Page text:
Why Is Singapore Banning Foreigners from Its Pink Dot LGBTQ Event?
Every year since 2009, Singapore’s annual Pink Dot event has united the country’s LGBTQ residents and allies to show their support for “inclusiveness, diversity and the freedom to love.” The event attracts as many as 28,000 attendees as well as celebrity performers and corporate sponsors. But recent changes to the country’s laws will only allow Singaporean citizens and permanent residents to attend this year’s July 1 event and all Pink Dot events hereafter.
Why are foreigners banned from Pink Dot?
The Pink Dot event has always been held in Speakers’ Corner in Hong Lim Park, a place where citizens can hold public demonstrations without a police permit. Before this year, the country’s “Public Order Act” (POA) allowed Singaporean citizens to demonstrate with signs while foreigners merely “observe.”
Even though Pink Dot stresses that its event is not a public protest, because of recent amendments added to the POA, the event’s organizers say, “the law no longer distinguishes between participants and observers, and regards anyone who turns up to the Speakers’ Corner in support of an event to be part of an assembly.” This change affects the approximately 30% of Singapore’s population who are neither Singaporean citizens nor permanent residents.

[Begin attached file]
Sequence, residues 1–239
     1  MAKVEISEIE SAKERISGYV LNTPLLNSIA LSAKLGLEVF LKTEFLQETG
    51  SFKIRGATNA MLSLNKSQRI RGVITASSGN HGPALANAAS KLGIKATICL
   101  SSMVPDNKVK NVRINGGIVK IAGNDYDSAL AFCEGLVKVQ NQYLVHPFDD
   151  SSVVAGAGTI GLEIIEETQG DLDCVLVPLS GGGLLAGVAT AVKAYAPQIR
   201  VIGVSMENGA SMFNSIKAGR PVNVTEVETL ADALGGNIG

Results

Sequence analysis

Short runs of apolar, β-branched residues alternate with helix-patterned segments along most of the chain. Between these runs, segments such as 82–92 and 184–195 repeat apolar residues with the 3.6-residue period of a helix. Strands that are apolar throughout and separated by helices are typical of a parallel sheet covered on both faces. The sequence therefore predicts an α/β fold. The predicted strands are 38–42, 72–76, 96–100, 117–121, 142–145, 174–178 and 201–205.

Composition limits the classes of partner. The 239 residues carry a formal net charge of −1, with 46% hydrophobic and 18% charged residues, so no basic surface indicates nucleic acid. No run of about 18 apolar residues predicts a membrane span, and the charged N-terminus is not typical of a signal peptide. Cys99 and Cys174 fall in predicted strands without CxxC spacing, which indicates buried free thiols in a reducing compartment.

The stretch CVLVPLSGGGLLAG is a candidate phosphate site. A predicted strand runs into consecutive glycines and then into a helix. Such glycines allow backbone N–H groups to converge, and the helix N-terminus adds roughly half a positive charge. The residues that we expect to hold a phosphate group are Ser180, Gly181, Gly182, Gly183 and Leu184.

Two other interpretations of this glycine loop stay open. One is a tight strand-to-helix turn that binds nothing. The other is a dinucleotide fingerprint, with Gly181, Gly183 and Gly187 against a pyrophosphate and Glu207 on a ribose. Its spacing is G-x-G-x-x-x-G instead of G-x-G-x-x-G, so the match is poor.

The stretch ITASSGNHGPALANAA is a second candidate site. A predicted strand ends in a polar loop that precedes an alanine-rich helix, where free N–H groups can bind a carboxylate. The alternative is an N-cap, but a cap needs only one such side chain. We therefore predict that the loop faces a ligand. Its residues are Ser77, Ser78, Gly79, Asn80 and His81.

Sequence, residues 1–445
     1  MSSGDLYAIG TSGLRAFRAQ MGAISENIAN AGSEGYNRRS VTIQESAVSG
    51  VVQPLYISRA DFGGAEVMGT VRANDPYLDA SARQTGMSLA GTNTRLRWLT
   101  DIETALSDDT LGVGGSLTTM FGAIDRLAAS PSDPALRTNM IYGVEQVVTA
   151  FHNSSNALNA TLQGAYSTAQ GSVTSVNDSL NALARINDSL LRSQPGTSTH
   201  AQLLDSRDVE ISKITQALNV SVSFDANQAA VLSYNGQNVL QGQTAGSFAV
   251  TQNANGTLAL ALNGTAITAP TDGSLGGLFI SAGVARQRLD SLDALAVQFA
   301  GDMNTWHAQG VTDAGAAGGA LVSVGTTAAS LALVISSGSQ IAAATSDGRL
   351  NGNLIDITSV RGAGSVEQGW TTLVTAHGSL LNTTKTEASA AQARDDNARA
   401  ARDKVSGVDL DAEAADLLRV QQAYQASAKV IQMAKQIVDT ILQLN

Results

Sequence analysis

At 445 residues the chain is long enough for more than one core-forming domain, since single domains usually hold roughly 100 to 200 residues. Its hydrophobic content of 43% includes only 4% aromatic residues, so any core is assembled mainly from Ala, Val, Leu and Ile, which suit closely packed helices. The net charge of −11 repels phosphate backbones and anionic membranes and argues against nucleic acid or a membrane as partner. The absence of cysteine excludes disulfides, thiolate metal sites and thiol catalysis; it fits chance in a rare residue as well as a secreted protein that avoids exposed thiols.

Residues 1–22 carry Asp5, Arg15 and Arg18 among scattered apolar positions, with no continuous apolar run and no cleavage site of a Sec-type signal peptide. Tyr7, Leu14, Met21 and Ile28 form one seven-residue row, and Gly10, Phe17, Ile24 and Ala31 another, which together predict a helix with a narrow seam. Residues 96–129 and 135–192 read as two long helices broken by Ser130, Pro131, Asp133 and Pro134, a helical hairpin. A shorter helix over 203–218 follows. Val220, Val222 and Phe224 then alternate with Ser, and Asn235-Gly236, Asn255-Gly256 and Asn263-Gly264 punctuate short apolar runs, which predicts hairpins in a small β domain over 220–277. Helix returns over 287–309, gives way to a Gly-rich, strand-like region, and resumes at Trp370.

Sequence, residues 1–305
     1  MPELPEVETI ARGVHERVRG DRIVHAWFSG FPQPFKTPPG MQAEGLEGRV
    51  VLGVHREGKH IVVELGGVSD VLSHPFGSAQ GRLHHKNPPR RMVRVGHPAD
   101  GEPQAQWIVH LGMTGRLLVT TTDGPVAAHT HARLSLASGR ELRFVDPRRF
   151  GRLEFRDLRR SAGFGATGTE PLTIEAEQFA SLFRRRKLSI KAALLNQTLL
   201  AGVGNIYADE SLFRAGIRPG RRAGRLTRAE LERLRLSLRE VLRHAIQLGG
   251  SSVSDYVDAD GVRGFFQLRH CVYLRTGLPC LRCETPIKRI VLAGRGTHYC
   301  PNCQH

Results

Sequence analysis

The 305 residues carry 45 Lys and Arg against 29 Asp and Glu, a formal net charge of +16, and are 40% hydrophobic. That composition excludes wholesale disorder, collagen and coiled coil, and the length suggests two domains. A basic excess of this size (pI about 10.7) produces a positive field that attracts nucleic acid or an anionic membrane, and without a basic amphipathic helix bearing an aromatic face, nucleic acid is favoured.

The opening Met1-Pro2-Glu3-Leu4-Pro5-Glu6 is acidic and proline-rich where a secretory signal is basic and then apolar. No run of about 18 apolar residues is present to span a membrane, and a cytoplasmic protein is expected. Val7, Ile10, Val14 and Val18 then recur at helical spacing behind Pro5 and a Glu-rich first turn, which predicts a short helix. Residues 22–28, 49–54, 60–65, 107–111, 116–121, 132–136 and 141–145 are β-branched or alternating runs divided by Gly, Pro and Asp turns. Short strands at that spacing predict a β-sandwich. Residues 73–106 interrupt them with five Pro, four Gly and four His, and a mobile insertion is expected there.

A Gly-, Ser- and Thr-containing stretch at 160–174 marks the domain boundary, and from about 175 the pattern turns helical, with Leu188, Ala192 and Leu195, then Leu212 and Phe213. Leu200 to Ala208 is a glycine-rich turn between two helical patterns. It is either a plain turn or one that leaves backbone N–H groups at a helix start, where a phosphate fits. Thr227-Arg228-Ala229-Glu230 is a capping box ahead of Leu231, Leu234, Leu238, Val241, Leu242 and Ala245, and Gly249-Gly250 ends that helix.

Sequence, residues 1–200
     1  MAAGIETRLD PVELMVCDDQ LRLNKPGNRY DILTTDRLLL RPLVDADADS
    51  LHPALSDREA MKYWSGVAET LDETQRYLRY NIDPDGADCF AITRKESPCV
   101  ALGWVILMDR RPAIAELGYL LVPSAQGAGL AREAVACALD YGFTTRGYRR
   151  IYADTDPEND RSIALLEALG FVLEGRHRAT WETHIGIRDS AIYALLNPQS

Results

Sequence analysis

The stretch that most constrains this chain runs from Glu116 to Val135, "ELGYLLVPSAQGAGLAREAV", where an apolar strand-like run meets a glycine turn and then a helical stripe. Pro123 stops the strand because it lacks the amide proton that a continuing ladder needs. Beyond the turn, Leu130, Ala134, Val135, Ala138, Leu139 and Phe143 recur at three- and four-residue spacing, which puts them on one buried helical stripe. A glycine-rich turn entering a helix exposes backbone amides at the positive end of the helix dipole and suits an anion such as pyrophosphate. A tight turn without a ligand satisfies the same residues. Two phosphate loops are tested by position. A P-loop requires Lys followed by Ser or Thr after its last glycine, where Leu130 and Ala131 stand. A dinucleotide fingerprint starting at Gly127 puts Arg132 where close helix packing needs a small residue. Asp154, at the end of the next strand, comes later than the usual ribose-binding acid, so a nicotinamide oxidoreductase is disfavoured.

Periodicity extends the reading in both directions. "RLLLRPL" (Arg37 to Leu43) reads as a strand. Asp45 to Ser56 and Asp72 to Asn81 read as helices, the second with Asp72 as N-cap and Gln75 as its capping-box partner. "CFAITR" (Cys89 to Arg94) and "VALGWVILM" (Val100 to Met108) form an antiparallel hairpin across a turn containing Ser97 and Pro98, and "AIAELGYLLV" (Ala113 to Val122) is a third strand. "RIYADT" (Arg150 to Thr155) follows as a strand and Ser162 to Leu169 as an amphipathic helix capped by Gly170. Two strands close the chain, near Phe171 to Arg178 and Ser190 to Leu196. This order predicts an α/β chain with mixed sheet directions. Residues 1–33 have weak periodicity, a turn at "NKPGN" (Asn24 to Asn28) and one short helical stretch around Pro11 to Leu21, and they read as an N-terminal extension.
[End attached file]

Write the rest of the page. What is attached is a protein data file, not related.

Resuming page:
A Singapore Ministry of Home Affairs spokesman told the BBC, “[The change is] consistent with the government’s long held position that foreigners and foreign entities should not engage in our domestic issues, especially political issues or controversial social issues.”
How is Pink Dot responding to the ban on foreign attendees?
In a public statement released this last Sunday, Pink Dot organizers said they were upset along with my family, friends, LGBTQ couples and longtime supporters, but they warned that any non-foreigners trying to attend could be arrested and prosecuted along with Pink Dot’s organizers. (Violators could face a fine of SGD $20,000 or $14,297 U.S. Dollars or a year imprisonment.) As such, organizers have pledged to check the ID of all attendees.
In early April, the human rights watchdog group Amnesty International worried that the recent changes to Singapore’s POA would “further curtail freedom of expression and peaceful assembly in a country where government critics and activists are already heavily controlled.”
Other changes to the POA forbid foreign companies from sponsoring public demonstrations. Google, Facebook and Twitter used to sponsor Pink Dot, but no longer. Now, local companies have stepped in to provide additional funds.
What’s the state of LGBTQ rights in Singapore?
Although the country allows openly gay and bisexual men to serve in its compulsory military, the country does not recognize same-sex marriages or civil unions, nor does it allow adoptions or blood donations by men who have sex with men (including trans men) nor does it offer any LGBTQ non-discrimination protections. Male same-sex sexual activity is illegal in Singapore thanks to British colonial law. The country is predominantly Buddhist and Christian.
Pink Dot happens July 1 at 5 p.m. with concurrent events happening in world cities.